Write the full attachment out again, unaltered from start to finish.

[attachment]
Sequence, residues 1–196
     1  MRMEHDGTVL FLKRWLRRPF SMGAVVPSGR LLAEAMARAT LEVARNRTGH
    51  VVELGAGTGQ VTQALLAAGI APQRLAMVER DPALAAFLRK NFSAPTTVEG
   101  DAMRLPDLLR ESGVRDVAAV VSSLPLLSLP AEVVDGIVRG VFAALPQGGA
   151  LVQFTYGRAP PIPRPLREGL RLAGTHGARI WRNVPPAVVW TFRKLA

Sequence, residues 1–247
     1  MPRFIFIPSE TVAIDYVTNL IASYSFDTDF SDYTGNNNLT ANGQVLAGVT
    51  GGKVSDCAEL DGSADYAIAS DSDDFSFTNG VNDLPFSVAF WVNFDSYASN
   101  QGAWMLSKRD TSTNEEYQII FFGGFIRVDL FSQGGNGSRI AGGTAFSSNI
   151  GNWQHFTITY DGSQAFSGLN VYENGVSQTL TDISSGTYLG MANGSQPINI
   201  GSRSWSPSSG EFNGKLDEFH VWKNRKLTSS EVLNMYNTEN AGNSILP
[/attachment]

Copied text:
Sequence, residues 1–196
     1  MRMEHDGTVL FLKRWLRRPF SMGAVVPSGR LLAEAMARAT LEVARNRTGH
    51  VVELGAGTGQ VTQALLAAGI APQRLAMVER DPALAAFLRK NFSAPTTVEG
   101  DAMRLPDLLR ESGVRDVAAV VSSLPLLSLP AEVVDGIVRG VFAALPQGGA
   151  LVQFTYGRAP PIPRPLREGL RLAGTHGARI WRNVPPAVVW TFRKLA

Sequence, residues 1–247
     1  MPRFIFIPSE TVAIDYVTNL IASYSFDTDF SDYTGNNNLT ANGQVLAGVT
    51  GGKVSDCAEL DGSADYAIAS DSDDFSFTNG VNDLPFSVAF WVNFDSYASN
   101  QGAWMLSKRD TSTNEEYQII FFGGFIRVDL FSQGGNGSRI AGGTAFSSNI
   151  GNWQHFTITY DGSQAFSGLN VYENGVSQTL TDISSGTYLG MANGSQPINI
   201  GSRSWSPSSG EFNGKLDEFH VWKNRKLTSS EVLNMYNTEN AGNSILP